Correlation of facts, along with explaining conflicting evidence is part of the genealogical proof standard. Learn tools and see examples of how to do it. Correlation and analysis, as well as explaining inconsistencies in our research, are critical in the application of the Genealogical Proof Standard. But how do we do it, and what sorts of tools can we use to make sure that our data is the best we can find? In this lecture, we will discuss the genealogical proof standard as well as delve into documentary evidence that needs to be explained. Using one 19th century example, I use time lines, associates, various vital records, and unpublished journals to correctly place individuals in to families. In a 20th century example, I show how only careful analysis of information, including oral family history, can identify the one official record among many that provides a woman’s true name. Different tools and explicit logic and deduction can help us arrive at solid genealogical conclusions regarding identity and relationship.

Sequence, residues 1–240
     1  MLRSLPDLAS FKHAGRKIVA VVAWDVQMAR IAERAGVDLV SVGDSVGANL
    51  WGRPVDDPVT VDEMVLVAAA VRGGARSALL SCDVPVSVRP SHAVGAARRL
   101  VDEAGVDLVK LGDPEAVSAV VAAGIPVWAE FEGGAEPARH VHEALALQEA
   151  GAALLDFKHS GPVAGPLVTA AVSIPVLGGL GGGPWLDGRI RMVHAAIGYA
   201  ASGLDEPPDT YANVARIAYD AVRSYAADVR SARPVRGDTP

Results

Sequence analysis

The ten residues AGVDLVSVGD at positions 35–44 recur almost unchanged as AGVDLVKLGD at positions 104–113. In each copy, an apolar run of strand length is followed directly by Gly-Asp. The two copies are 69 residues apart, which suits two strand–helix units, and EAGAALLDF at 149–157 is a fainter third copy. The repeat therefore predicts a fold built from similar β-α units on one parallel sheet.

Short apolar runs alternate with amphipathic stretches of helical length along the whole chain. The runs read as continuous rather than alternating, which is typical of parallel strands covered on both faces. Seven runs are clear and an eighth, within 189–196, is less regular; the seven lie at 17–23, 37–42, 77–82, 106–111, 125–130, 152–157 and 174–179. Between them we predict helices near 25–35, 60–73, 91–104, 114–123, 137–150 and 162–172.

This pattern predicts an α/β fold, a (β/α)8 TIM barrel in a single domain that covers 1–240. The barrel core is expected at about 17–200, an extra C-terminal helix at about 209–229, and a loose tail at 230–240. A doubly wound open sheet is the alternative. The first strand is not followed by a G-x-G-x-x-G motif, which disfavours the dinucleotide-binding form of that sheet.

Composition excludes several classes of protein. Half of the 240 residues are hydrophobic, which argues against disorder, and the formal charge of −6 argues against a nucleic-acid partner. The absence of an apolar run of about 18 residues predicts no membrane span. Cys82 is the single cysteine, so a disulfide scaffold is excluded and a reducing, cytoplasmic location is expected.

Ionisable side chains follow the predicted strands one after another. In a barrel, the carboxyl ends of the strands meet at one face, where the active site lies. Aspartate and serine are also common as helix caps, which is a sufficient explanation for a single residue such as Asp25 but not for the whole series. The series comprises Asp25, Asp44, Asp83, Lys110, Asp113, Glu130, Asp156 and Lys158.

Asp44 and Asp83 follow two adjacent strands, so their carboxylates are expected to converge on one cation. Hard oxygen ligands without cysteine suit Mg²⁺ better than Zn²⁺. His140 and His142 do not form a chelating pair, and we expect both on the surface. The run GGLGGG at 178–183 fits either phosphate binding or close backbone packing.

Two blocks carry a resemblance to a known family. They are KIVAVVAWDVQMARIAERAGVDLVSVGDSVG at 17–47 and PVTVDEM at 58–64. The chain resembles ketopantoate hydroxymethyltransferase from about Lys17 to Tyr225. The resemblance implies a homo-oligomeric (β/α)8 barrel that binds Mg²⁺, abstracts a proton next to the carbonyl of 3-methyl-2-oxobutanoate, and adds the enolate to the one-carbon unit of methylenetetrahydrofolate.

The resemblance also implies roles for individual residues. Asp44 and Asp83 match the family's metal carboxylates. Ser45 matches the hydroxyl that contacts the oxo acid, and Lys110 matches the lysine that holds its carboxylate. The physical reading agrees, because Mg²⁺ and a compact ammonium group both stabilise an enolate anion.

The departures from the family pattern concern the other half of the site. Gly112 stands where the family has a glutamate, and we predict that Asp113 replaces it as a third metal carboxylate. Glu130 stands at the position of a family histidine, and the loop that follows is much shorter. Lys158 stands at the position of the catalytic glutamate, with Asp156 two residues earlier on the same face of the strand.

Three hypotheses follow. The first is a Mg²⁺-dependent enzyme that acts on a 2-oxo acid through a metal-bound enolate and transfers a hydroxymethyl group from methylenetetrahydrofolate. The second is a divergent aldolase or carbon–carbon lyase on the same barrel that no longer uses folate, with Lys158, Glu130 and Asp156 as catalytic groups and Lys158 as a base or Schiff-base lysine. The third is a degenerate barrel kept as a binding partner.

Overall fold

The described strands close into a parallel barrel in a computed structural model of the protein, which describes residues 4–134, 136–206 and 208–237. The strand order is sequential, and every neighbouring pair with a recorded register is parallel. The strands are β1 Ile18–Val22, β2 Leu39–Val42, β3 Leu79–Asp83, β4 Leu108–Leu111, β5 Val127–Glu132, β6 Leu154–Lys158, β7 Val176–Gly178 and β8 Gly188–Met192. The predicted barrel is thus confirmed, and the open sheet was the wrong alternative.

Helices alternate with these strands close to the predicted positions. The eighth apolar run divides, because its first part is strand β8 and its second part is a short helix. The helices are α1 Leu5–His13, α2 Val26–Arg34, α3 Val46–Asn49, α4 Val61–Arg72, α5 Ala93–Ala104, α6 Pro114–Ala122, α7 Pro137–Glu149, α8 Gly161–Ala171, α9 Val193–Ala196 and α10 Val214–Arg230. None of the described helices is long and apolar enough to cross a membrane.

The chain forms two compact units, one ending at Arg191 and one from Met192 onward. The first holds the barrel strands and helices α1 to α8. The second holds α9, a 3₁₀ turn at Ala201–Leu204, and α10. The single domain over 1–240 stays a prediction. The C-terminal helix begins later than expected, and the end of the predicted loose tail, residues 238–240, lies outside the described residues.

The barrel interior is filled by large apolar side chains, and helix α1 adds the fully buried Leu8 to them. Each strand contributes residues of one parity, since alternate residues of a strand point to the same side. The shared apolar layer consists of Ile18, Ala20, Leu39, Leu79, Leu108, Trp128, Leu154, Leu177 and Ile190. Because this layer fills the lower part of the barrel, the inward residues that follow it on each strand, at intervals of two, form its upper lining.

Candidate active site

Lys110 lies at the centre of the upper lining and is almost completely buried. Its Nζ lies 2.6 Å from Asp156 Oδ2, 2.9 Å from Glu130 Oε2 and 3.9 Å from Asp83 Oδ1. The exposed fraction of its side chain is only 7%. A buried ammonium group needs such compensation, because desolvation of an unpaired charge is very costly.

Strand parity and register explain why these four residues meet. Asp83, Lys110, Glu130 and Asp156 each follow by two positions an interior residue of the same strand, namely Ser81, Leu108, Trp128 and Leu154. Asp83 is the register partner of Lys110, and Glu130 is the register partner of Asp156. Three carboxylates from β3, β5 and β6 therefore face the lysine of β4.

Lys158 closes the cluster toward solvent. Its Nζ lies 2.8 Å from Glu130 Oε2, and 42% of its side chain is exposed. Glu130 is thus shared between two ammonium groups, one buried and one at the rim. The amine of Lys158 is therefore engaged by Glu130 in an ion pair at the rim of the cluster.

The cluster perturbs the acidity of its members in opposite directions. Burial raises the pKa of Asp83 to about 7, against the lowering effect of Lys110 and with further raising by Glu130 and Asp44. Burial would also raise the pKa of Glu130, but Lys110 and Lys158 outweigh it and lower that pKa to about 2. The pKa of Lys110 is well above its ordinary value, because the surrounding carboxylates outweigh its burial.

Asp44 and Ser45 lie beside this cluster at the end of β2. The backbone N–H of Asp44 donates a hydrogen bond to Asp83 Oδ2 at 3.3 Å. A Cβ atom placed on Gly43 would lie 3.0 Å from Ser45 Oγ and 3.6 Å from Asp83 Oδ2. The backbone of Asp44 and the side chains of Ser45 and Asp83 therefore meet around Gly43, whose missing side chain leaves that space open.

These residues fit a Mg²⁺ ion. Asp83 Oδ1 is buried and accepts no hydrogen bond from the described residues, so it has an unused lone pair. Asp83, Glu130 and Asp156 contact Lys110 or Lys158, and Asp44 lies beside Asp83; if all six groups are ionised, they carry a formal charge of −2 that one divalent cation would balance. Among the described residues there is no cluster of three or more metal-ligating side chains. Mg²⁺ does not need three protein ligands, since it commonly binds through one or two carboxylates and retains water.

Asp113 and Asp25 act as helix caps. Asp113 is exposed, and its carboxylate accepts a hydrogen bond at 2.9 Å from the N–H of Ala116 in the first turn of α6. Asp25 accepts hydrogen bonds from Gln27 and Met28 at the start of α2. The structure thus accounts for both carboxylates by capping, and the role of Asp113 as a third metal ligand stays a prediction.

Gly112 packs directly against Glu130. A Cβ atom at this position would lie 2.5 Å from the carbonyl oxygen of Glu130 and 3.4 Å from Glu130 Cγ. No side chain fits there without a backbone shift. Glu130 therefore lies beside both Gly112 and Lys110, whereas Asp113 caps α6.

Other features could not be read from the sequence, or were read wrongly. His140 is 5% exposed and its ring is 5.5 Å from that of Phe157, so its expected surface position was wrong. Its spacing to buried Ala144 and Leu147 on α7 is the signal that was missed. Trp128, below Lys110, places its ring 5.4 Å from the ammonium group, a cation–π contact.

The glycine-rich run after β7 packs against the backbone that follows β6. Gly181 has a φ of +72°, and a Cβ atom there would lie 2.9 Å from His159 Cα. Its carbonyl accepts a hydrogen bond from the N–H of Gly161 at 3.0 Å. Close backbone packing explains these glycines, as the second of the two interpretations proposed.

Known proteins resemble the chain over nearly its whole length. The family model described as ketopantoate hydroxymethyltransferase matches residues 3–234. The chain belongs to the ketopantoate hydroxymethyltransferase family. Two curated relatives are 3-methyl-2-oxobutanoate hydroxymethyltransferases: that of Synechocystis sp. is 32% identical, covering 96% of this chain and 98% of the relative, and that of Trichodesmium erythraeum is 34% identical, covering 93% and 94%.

Shellee Morehead, PhD, CG, has a Ph.D. in evolutionary ecology from the University of Utah and is an associate professor of Biology at the New England Institute of Technology. She was certified by BCG in 2012, and researches, writes and lectures on family history.
Her specialties include Rhode Island, Italian, and French-Canadian research and genetic genealogy. She is an associate of the Board for Certification of Genealogists (BCG), a member of the Rhode Island Genealogical Society, American-French Genealogical Society, and a member of the Association of Professional Genealogists (APG) New England Chapter.